Six-transmembrane epithelial antigen of the prostate 3 (Steap3) is the major ferric reductase in developing erythrocytes. Steap family proteins are defined by a shared transmembrane domain that in Steap3 has been shown to function as a transmembrane electron shuttle, moving cytoplasmic electrons derived from NADPH across the lipid bilayer to the extracellular face where they are used to reduce Fe3+ to Fe2+ and potentially Cu2+ to Cu1+ (Kleven et al. 2015).  High affinity FAD and iron binding sites and a single b-type heme binding site is present in the Steap3 transmembrane domain. Steap3 is functional as a homodimer and utilizes an intrasubunit electron transfer pathway through the single heme moiety rather than an intersubunit electron pathway through a potential domain-swapped dimer (Kleven et al. 2015). The sequence motifs in the transmembrane domain that are associated with the FAD and metal binding sites are not only present in Steap2 and Steap4 but also in Steap1 which lacks the N-terminal oxidoreductase domain, suggesting that Steap1 harbors latent oxidoreductase activity.

This family belongs to the: Heme-binding YedZ (YedZ) Superfamily.

References associated with 5.B.7 family:

Brokx, S.J., R.A. Rothery, G. Zhang, D.P. Ng, and J.H. Weiner. (2005). Characterization of an Escherichia coli sulfite oxidase homologue reveals the role of a conserved active site cysteine in assembly and function. Biochemistry 44: 10339-10348. 16042411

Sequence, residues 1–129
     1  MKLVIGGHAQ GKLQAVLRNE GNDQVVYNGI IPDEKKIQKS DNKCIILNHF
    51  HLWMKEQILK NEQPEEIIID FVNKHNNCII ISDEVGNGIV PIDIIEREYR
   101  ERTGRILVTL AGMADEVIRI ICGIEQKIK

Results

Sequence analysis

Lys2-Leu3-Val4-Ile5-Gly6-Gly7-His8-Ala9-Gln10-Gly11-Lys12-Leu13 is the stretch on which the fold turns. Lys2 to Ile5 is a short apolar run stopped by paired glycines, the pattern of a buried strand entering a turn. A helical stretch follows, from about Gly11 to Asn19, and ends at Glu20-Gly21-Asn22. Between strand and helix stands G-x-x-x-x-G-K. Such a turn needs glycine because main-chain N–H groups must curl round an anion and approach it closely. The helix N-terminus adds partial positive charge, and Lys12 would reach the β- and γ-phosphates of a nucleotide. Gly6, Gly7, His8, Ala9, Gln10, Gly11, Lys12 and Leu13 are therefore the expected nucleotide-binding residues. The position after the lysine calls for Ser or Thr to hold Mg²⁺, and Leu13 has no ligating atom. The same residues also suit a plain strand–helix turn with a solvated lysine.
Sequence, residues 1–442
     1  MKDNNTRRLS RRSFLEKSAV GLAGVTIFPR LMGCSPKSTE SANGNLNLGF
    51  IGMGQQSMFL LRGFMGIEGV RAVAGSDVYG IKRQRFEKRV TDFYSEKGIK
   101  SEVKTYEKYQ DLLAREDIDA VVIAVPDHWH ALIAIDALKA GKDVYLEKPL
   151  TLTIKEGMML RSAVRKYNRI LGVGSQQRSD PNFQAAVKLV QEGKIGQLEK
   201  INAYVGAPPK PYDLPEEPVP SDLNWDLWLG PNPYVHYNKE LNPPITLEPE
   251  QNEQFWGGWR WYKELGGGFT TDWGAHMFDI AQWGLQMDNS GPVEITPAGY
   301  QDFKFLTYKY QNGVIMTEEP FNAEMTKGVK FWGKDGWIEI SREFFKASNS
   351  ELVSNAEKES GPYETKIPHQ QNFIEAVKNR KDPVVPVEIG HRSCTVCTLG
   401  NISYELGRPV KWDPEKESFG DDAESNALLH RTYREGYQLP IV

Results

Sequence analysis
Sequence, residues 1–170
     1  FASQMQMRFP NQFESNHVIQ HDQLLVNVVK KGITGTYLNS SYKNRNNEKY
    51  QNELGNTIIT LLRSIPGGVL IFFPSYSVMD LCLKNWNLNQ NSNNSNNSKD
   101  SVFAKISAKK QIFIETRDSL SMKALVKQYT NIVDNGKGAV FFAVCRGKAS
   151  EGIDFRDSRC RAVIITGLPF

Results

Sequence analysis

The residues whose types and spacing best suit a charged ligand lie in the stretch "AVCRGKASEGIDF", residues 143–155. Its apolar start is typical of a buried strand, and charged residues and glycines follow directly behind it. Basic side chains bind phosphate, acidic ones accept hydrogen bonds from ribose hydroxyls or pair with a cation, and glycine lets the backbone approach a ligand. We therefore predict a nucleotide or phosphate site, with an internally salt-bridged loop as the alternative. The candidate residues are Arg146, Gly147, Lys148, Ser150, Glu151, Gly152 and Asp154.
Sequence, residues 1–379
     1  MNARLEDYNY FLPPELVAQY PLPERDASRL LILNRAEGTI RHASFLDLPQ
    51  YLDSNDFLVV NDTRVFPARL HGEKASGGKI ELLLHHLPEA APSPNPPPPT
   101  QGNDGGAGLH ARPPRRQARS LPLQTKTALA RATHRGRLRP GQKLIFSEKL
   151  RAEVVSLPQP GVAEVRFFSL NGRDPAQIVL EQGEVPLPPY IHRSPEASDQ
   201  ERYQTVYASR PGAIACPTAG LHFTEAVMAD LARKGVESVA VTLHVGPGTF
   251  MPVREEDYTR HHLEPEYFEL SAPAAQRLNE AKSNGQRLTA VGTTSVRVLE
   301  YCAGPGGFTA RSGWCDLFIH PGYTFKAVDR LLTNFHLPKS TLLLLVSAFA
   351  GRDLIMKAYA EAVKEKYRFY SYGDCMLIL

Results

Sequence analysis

Drew, D., D. Sjöstrand, J. Nilsson, T. Urbig, C.N. Chin, J.W. de Gier, and G. von Heijne. (2002). Rapid topology mapping of Escherichia coli inner-membrane proteins by prediction and PhoA/GFP fusion analysis. Proc. Natl. Acad. Sci. USA 99: 2690-2695. 11867724
Hubert, R.S., I. Vivanco, E. Chen, S. Rastegar, K. Leong, S.C. Mitchell, R. Madraswala, Y. Zhou, J. Kuo, A.B. Raitano, A. Jakobovits, D.C. Saffran, and D.E. Afar. (1999). STEAP: a prostate-specific cell-surface antigen highly expressed in human prostate tumors. Proc. Natl. Acad. Sci. USA 96: 14523-14528. 10588738
Kleven, M.D., M. Dlakić, and C.M. Lawrence. (2015). Characterization of a Single b-type Heme, FAD, and Metal Binding Sites in the Transmembrane Domain of Six-transmembrane Epithelial Antigen of the Prostate (STEAP) Family Proteins. J. Biol. Chem. 290: 22558-22569. 26205815
Loschi, L., S.J. Brokx, T.L. Hills, G. Zhang, M.G. Bertero, A.L. Lovering, J.H. Weiner, and N.C. Strynadka. (2004). Structural and biochemical identification of a novel bacterial oxidoreductase. J. Biol. Chem. 279: 50391-50400. 15355966
von Rozycki, T., M.R. Yen, E.E. Lende, and M.H. Saier, Jr. (2004). The YedZ family: possible heme binding proteins that can be fused to transporters and electron carriers. J. Mol. Microbiol. Biotechnol. 8: 129-140. 16088215
Yang, D., G.E. Holt, M.P. Velders, E.D. Kwon, and W.M. Kast. (2001). Murine six-transmembrane epithelial antigen of the prostate, prostate stem cell antigen, and prostate-specific membrane antigen: prostate-specific cell-surface antigens highly expressed in prostate cancer of transgenic adenocarcinoma mouse prostate mice. Cancer Res 61: 5857-5860. 11479226
Zhang, X., K.H. Krause, I. Xenarios, T. Soldati, and B. Boeckmann. (2013). Evolution of the ferric reductase domain (FRD) superfamily: modularity, functional diversification, and signature motifs. PLoS One 8: e58126. 23505460